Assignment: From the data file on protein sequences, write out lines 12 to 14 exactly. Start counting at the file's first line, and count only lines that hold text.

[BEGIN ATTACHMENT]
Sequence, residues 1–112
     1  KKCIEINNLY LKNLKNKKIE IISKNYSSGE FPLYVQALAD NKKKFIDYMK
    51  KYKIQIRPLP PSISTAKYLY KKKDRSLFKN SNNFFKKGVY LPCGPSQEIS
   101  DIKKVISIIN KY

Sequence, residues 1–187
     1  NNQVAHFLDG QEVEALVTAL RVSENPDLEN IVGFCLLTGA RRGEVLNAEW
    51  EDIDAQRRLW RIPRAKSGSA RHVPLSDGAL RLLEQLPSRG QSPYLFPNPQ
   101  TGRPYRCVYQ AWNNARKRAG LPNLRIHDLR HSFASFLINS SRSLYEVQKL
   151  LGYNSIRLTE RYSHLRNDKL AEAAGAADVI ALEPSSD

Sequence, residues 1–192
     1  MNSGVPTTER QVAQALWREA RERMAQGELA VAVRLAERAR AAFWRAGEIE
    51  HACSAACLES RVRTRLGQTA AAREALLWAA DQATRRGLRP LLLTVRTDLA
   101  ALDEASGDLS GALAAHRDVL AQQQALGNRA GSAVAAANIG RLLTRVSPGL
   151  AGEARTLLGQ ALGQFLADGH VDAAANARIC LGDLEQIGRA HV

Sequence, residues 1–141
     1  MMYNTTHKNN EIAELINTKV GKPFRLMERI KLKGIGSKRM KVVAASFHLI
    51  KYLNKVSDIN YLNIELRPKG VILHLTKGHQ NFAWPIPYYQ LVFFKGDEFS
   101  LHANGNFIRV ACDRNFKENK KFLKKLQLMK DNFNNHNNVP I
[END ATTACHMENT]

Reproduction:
    51  HACSAACLES RVRTRLGQTA AAREALLWAA DQATRRGLRP LLLTVRTDLA
   101  ALDEASGDLS GALAAHRDVL AQQQALGNRA GSAVAAANIG RLLTRVSPGL
   151  AGEARTLLGQ ALGQFLADGH VDAAANARIC LGDLEQIGRA HV